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versão impressa ISSN 0012-7353

Dyna rev.fac.nac.minas vol.82 no.194 Medellín nov./dez. 2015 


Valorization of vinasse as binder modifier in asphalt mixtures

Revalorización de la vinaza como modificador de betún para mezclas bituminosas


Mª José Martínez-Echevarría-Romero a, Gema García-Travé a, Mª Carmen Rubio-Gámez a, Fernando Moreno-Navarro a & Domingo Pérez-Mira b


a Laboratorio de Ingeniería de la Construcción, Universidad de Granada, Granada, España,.,,,
b Departamento I+D+i, Construcciones AZVI, Sevilla, España.


Received: July 15th, 2014. Received in revised form: July 29th, 2015. Accepted: October 22th, 2015.


This work is licensed under a Creative Commons Attribution-NonCommercial-NoDerivatives 4.0 International License.

The reutilization of waste generated by industrial processes has become a majorenvironmental objective in scientific and technical research. In the construction sector, there is a broad range of techniques for the exploitation of different types of waste, which can then be used as a replacement for raw materials. This paper presents the results of a study of vinasse, a by-product of biomass ethanol, andanalyzes its viability as a bitumen modifier in asphalt mixes. For this purpose, four AC-16S asphalt mixes were evaluated for moisture sensitivity, plastic deformation, stiffness, and fatigue. The mix formulas were the following: (Mix 1) 50/70 bitumen; (Mix 2) 50/70 bitumen modified with 10% vinasse; (Mix 3) rubber bitumen; (Mix 4) rubber bitumen modified with 10% vinasse. The results of this study showed that bitumen modified with vinasse improved the mechanical performance of the AC-16S mix and also contributed to the valorization of vinasse waste.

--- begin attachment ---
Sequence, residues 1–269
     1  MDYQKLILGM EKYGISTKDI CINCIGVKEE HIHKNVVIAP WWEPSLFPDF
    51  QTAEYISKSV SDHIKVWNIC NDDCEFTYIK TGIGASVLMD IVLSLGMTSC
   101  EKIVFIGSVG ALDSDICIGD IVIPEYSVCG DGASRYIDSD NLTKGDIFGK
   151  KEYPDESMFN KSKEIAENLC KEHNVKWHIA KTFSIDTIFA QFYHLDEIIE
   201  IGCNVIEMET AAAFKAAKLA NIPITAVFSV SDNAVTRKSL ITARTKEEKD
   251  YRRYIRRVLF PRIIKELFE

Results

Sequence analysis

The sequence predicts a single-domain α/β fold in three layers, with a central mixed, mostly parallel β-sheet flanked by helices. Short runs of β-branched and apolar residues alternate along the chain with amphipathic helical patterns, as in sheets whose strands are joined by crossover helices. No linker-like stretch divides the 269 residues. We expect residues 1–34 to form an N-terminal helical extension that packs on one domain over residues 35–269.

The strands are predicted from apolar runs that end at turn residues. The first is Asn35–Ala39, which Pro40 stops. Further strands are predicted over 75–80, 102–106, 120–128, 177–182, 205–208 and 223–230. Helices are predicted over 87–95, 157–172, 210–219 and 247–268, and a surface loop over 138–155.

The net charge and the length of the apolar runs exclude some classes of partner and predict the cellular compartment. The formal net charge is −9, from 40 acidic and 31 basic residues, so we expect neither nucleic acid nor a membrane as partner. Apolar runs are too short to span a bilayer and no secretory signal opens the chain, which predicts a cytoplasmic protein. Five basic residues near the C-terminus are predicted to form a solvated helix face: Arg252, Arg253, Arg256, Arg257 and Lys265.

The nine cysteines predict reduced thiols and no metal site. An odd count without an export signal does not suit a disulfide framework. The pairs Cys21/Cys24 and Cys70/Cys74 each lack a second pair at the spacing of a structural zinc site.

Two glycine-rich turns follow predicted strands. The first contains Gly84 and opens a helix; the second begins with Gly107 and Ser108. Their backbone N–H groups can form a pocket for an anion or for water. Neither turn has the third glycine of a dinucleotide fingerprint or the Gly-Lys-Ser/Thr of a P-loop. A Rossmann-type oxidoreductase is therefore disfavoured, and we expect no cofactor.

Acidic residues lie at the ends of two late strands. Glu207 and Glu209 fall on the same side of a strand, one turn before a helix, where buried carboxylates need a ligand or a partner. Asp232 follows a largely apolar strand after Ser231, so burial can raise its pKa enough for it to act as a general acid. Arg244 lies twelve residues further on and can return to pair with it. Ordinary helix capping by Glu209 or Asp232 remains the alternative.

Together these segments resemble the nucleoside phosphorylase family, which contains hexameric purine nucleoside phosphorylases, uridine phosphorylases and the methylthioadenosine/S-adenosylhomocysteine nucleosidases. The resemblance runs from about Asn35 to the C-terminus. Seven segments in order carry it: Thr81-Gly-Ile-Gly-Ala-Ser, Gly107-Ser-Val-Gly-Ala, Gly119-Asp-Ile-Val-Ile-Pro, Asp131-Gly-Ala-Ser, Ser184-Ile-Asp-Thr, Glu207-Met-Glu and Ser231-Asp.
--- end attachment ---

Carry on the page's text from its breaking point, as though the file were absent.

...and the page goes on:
Keywords: Asphalt mixture, binder modifier, mechanical behavior, vinasse.

La reutilización de los residuos derivados de los procesos industriales se ha convertido en uno de los objetivos prioritarios de carácter ambiental en la investigación científica y técnica. En el sector de la construcción, se pueden aprovechar materiales residuales de otros procesos en sustitución de materias primas. Este artículo presenta los resultados de un estudio desarrollado con el objetivo de valorizar la vinaza residual del proceso de fabricación de etanol a partir de biomasa, como material modificante del betún utilizado en las mezclas bituminosas. Se han fabricado cuatro mezclas bituminosas tipo AC-16S (1: Betún 50/70, 2: Betún 50/70 + 10%vinaza, 3: Betún-caucho, 4: Betún-caucho + 10%vinaza) y se han realizado ensayos de caracterización como son sensibilidad al agua, resistencia a las deformaciones plásticas, rigidez y fatiga.Los resultados muestran que las mezclas modificadas con vinaza mejoran el comportamiento mecánico de la mezcla AC-16 S y contribuye a la revalorización del residuo.